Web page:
Who would have ever guessed that a movie based on a Disney theme park ride
could be any good? It was a pleasant surprise to emerge from
the theater thoroughly satisfied. Pirates Of The Caribbean
feels like a serial of the 1930s. It is filled with fantastical
journeys, high seas adventure, and swarthy pirates. Gore
Verbinski has once again proven himself a capable director
in any genre of film, easily switching gears from the taut,
suspenseful The Ring to this fanciful farce.
As the title would indicate the movie is set in the Caribbean
and the dress of the British marines would suggest sometime
in the 1700s, but really the time and place are when bands
of pirates roved the high seas taking anything and anyone
that wasn’t nailed to the floor. The pirates in this movie
are straight out of childhood imagination complete with eye
patches, parrots, and an unlimited supply of rum. During the
course of this movie people will walk the plank, be abandoned
on a desert island, prepare to repel boarders, and be subjected
to all sorts of classic pirate dialogue—Avast! Har Har! and
All is well in the city of Port Royal until an undead(!)
group of pirates lead by Captain Barbossa (Rush) sails
into town and abducts the governor’s lovely daughter Elizabeth
(Knightley) in a case of mistaken identity. Town blacksmith
Will Turner (Bloom) has taken quite a fancy to Elizabeth
and he takes pursuit with help of Captain Jack Sparrow (Depp),
Barbossa’s former commander and quite possibly the worst (or
is it the best?) pirate on earth. Together this unlikely pair
must sail to the Isla de Muerte and stop the pirates from
sacrificing Elizabeth in a ceremony that would lift their
undead curse, and since they themselves are pirates our two
heroes must stay one step ahead of the British navy.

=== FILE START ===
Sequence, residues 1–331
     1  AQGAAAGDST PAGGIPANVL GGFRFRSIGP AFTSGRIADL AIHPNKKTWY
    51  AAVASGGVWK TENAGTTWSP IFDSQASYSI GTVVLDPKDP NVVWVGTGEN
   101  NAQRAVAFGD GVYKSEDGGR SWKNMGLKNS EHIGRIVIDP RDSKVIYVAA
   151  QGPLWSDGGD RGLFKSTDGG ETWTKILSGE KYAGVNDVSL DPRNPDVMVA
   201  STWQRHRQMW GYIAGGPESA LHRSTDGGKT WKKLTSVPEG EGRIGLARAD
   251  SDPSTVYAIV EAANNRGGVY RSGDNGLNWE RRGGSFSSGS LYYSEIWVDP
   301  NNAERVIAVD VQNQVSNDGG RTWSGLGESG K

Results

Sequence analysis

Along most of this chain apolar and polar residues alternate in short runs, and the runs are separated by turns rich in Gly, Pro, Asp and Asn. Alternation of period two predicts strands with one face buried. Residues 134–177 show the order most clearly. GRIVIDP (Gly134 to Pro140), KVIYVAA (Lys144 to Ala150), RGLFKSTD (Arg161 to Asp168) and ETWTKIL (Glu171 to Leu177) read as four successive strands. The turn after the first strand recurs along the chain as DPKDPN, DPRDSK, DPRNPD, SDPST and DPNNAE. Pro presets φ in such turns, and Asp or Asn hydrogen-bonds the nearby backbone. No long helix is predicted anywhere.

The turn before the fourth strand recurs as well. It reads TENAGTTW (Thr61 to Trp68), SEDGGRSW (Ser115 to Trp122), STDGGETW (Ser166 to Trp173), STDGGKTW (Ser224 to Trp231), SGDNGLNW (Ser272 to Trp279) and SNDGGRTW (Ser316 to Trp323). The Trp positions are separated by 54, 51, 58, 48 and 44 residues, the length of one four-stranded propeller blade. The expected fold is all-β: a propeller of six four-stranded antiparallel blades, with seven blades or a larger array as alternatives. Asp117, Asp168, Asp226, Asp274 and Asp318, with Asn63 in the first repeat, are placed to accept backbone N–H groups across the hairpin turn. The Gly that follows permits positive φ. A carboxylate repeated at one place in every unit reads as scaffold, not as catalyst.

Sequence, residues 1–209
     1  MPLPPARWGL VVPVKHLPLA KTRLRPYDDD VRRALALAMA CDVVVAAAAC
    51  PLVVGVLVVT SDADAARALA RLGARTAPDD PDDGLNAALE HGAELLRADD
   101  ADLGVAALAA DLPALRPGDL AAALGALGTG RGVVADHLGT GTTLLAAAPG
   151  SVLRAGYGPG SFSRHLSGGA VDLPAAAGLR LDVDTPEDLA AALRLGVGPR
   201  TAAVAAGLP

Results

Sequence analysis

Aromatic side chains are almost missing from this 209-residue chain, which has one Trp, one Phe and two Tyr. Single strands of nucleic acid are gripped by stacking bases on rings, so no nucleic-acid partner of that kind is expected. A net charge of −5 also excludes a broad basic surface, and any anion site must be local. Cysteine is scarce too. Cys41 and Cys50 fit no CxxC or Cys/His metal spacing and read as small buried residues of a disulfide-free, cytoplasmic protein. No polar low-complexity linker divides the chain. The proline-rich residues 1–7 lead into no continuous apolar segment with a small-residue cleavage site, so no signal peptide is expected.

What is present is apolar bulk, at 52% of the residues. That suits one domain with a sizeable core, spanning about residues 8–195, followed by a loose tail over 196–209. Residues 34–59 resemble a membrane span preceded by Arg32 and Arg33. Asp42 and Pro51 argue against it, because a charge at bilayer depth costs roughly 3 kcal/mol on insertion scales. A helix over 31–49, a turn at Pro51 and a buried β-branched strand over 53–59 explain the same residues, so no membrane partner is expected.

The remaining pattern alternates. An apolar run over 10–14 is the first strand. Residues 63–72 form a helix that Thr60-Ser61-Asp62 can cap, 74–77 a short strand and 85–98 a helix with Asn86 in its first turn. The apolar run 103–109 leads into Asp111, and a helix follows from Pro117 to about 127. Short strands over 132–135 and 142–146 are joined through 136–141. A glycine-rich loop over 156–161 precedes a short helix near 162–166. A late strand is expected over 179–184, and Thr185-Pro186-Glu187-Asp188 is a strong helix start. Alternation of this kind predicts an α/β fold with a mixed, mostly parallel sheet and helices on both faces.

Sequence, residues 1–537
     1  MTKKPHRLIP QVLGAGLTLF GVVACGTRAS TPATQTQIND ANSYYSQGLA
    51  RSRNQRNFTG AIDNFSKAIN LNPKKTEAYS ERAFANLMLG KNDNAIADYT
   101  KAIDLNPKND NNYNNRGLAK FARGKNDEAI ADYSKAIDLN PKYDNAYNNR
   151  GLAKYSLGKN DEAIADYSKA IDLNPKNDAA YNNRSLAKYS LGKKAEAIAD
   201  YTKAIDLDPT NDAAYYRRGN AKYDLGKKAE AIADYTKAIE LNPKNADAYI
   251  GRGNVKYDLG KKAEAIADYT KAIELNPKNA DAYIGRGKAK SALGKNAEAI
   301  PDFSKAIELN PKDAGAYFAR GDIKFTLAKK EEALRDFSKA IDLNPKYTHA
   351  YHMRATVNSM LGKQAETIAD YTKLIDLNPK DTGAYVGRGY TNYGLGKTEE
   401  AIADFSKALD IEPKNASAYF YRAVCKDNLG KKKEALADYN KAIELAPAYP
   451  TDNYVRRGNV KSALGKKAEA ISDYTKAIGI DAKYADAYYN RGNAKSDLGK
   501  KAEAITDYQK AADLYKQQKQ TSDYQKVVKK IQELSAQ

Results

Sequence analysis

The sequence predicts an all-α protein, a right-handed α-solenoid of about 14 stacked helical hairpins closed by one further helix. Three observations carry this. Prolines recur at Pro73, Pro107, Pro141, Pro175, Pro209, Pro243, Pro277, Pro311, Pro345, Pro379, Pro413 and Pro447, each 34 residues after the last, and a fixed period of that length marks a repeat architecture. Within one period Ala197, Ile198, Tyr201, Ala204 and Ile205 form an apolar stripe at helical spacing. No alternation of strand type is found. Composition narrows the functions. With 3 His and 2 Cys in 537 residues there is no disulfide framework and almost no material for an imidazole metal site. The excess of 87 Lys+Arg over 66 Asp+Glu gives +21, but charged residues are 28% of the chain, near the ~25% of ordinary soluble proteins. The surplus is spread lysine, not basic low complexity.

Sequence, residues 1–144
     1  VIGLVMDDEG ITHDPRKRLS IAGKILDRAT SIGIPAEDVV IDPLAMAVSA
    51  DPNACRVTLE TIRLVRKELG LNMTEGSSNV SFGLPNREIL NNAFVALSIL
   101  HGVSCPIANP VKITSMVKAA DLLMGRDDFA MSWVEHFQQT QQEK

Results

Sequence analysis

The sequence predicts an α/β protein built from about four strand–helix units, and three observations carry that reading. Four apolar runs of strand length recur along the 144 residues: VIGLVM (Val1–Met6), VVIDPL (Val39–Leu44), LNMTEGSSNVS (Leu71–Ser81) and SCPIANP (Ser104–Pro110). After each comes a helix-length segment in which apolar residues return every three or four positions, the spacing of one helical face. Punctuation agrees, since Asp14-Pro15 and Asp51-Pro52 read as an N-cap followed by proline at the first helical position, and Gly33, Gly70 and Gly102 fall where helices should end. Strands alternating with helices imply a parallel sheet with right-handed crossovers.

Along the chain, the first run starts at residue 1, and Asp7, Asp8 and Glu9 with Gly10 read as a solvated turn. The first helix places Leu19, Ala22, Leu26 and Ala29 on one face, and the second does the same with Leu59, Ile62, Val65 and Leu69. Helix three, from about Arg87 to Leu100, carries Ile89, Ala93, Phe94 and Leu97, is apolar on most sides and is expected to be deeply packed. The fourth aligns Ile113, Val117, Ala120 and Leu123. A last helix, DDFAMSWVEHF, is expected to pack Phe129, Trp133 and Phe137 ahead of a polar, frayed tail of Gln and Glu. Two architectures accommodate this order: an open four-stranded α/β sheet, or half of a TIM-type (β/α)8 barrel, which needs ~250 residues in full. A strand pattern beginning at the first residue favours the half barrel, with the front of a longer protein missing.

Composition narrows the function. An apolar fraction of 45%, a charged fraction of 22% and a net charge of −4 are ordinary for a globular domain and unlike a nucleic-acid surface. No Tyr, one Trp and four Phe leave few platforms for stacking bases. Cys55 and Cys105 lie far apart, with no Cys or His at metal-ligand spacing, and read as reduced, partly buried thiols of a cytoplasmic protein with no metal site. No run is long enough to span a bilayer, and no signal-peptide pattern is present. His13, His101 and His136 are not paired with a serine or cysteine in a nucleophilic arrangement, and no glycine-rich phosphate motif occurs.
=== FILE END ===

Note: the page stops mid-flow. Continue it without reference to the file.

Pirates takes a while to get going, but once Elizabeth
is abducted things pick up and even during the slow parts
the movie is quite enjoyable. The enthusiasm and charisma
of the cast elevates this movie to the next level. Johnny
Depp is as always excellent. He keeps Jack’s cards close to
the vest, never revealing his true intentions or if his drunken
ways and idiosyncratic behavior are mere façades concealing
the most cunning rogue to sail the high seas. Despite his
pirate garb, Johnny’s mannerisms do come off as a bit effeminate.
When the movie is over and the credits have begun to roll
one is still not entirely sure of Jack Sparrow’s true nature.
Knightley’s Elizabeth is a capable young woman with some modern
ideas about love and woman’s undergarments, but not so modern
as to create a harsh juxtaposition that disrupts the illusary
world created in the film. Bloom plays another straight arrow
(no pun intended) character with Turner, who is willing to
do anything to rescue the love of his life. None of this really
matters: The youth, talent, and comely appearance of these
two foretells their becoming major Hollywood players with
this movie being another step on their way to the top.
The pirates themselves are integral members of the cast and
they benefit from some great special effects work. When exposed
to moonlight the pirates reveal their true forms as undead
skeletons and once they step into shadow they look just like
“normal.” This effect is used only once or twice and never
becomes a gimmick, but the transition from pirate to skeleton
and back is perfect. It features skeletons interacting with
non-skeletons (and thus non-CGI) without a hitch. Many swordfights
take place during Pirates and while they are all enjoyable,
it does take a bit long for them to reach their inevitable
conclusions. The final fight takes a good 25 minutes of rapier-thrusting
insanity with constant musical crescendos in the background.
At the movie’s end, expect to be suffering from sensory overload.
It is a minor quibble really because Pirates Of The Caribbean
keeps it lightweight at all times and delivers exactly what
it promises—high seas, high adventure, and boatloads of fun.